Sunday, April 10, 2011

My Journey of Friendships, Career, Marriage and Aging Gracefully

I've always been a size 4 or 6, but never really fit or toned. Keeping my weight down without exercising was easy in my youth. I’ve never been an emotional eater or indulged in snacking on potato chips, but I’ve also never been a consistent exerciser. I’ve only been able to lose about five pounds in my entire life, and that was due to just not eating very much. In short, I basically half starved myself, which isn’t healthy. Now, however, I need to lose about 20 pounds to stay in my current clothes and age gracefully. I’ll be 45-years-old in five months, and I want to shed some weight, continue to grow my business as a P.R. professional and freelance writer while also juggling the next big full-time career opportunity. At the same time, I need to keep nurturing my 17-year marriage and raising my soon-to-be 8-year-old twins. I know I have a full plate filled with many blessings. As full as it is though, I just don’t think God would have put all of this before me if I wasn’t suppose to learn how to handle it; therefore, I will.

One big tip I can share in maintaining my 17-year marriage is the importance of communication. No matter how painful a conversation may be with my husband, we keep talking and spending time together — even when we’re mad. Frankly, the key to any relationship is honest communication and a deep desire to keep working it out and trying to understand one another. You also need to keep the “punching below the belt” comments and actions to a minimum or not at all. I’ll explain “punching below the belt” comments and actions in another article. As I said, communication is the key. Frankly, communication is also the key to understanding yourself. I’ve consistently kept a journal for over 26 years. Honest reflection of your decision-making through journaling and poetry will definitely yield a deeper understanding of your motivations and life choices. My life is a testament to that.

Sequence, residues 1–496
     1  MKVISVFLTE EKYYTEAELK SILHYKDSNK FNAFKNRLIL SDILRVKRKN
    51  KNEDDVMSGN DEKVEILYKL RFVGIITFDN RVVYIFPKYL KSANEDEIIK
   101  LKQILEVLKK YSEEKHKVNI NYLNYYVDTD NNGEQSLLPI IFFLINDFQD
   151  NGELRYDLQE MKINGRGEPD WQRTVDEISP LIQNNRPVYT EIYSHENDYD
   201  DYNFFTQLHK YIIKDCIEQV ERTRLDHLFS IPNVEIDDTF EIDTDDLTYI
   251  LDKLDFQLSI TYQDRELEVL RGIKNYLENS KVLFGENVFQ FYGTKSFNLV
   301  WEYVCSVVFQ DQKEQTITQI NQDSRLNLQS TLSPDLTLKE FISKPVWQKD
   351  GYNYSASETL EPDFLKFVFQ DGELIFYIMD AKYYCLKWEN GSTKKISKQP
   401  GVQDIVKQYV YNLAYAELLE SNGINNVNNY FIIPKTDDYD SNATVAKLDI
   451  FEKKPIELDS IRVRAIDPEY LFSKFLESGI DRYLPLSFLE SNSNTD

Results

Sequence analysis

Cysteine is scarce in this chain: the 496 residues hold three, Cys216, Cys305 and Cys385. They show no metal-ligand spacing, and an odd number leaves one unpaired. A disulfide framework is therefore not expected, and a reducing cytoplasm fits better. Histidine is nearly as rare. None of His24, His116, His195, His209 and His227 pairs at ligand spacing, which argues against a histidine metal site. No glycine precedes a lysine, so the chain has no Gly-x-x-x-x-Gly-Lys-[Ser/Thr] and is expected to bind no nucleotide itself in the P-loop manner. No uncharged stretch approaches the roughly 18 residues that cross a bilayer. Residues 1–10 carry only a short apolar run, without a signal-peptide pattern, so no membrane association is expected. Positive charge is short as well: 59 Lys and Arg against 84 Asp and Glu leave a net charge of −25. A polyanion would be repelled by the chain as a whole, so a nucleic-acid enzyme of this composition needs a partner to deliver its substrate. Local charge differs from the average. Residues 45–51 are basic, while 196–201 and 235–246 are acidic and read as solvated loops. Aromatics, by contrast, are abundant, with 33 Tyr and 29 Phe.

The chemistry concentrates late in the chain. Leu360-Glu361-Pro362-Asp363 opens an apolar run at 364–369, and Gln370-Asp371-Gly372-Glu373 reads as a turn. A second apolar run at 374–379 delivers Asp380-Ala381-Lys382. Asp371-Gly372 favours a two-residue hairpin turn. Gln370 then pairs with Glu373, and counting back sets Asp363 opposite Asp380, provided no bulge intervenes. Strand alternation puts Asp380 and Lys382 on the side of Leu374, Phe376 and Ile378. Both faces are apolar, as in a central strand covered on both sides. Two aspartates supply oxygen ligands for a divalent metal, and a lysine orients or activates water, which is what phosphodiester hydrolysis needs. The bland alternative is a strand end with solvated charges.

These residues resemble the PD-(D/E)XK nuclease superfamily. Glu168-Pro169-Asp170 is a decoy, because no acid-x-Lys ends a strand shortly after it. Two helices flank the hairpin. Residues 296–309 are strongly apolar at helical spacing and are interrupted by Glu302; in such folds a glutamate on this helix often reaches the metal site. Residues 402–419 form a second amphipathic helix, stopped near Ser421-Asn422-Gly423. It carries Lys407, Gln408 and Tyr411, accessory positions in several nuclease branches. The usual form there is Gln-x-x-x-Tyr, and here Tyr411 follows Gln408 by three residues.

After giving birth to twins through a c-section, I’ve struggled to maintain my figure as I age. I'm more of a size 8 or 10 right now, but can still wear a tight size 6. I’m not into tight clothes though. My style is for clothes to hang on me, look well put together, but be comfortable. I'm 5'2 and embarrassed to say, 140 pounds. But since I’m happy to be alive having survived a few health issues, I’ll proudly state my weight and size any day. I want to be 120 pounds and slightly muscular in the tummy and legs. I don’t want to wait until I’m obese to start focusing on my health. Losing these 20 pounds is hard enough. My heart goes out to those struggling with obesity because that’s got to be tough. I carried twins and know how uncomfortable extra weight can be. Today, I’m ready to transform myself into a fit working mom juggling all I’ve mentioned above — and winning, as Charlie Sheen would say.

I just read this incredibly well-written article about how some women hate women who are fit, skinny and toned – basically different. It was the most honest article about women and weight I had ever read. It really motivated me to share my story because I do believe there is a link between ambition, weight, and friendship for a lot of women. I believe because I’ve always been skinny, professionally driven to achieve something in life, and not constantly angry with men because of something I allowed them to do to me, some women have found me to be so different and hated me for this. I do believe you train people (particularly men) how to treat you. I never apologized for who I was, and I’m not going to start now. I’m sure some women aren’t happy with the fact that I’m dealing with my weight issues before it becomes a huge problem, but I really don’t care.